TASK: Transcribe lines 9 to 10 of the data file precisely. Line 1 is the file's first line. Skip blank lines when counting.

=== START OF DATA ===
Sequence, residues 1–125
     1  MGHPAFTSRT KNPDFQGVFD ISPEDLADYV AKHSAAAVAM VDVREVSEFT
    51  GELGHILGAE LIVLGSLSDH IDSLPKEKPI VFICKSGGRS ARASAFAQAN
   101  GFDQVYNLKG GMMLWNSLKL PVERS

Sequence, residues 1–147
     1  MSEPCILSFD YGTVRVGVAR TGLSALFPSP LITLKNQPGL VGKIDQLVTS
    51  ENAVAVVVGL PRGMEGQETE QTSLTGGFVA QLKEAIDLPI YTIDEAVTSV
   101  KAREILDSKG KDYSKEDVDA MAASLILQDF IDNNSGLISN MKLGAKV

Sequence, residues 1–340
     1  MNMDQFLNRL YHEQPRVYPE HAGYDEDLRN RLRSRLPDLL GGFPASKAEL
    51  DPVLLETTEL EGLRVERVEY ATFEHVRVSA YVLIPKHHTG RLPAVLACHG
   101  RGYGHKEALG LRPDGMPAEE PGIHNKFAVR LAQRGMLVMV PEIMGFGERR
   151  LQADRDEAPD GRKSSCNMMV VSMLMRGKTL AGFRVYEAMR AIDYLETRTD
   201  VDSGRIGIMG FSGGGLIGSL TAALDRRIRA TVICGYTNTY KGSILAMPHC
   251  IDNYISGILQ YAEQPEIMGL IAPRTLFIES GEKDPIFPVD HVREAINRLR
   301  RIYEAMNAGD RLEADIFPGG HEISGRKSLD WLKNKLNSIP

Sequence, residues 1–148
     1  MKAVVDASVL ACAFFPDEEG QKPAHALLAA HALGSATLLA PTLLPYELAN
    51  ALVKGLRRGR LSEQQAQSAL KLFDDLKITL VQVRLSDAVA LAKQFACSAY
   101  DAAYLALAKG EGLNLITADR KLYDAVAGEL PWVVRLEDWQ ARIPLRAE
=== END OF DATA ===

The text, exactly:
Sequence, residues 1–340
     1  MNMDQFLNRL YHEQPRVYPE HAGYDEDLRN RLRSRLPDLL GGFPASKAEL